In September, 2012, International Data Corporation (IDC) released a new multi-client study, “IT Asset Disposal and Recycling: United States Enterprise Practices and Outlook 2012-2013”. The study finds that more than one third of the companies recently surveyed do not use proper disposition methods, often adding unjustified cost and complexity to their hardware recycling practices.
The IT hardware disposition function remains undefined among many organizations, an “orphaned” function that is neither the full responsibility of IT departments nor procurement or other related functions. Because of this, the use of irrational disposition processes remains high. For instance, the use of company staff to manage donation to charity, adding to cost, risks, and loss of resale opportunity, is practiced by more than 40% of the organizations surveyed.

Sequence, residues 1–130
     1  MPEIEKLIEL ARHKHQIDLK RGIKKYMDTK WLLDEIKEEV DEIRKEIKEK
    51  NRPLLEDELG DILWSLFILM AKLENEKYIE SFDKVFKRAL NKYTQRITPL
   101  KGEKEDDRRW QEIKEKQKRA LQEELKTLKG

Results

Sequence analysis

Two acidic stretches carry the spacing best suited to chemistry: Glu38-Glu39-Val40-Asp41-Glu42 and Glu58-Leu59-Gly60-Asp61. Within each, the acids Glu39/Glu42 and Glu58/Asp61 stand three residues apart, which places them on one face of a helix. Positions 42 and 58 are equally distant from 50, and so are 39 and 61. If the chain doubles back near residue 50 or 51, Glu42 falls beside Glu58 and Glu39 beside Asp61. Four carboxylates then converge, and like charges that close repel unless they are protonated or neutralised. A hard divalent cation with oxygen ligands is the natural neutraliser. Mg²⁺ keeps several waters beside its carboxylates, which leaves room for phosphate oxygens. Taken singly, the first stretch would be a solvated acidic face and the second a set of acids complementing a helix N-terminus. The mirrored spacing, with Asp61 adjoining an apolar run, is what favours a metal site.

Likewise, the practice of storing assets is alarmingly high as is the use of municipal waste services, which leave companies at legal risk of violating U.S. environmental regulations and preventing them from finding cost containment opportunities through resale and other solutions.
The IDC study found that when organizations attempt to incorporate IT Asset Disposal best practices, they tend to focus on data security compliance and cost reduction, rather than environmental concerns or storage allocation, or future planning.
IDC says that a number of trends are likely to influence IT hardware disposition practices over the next few years, further impacting the industry itself. “Among the trends to watch are the movement toward cloud computing that could lead to lower procurement of classic assets, as well as the emergence of the Bring Your Own Device (BYOD), which will create a whole new set of challenges on the data security and compliance front.”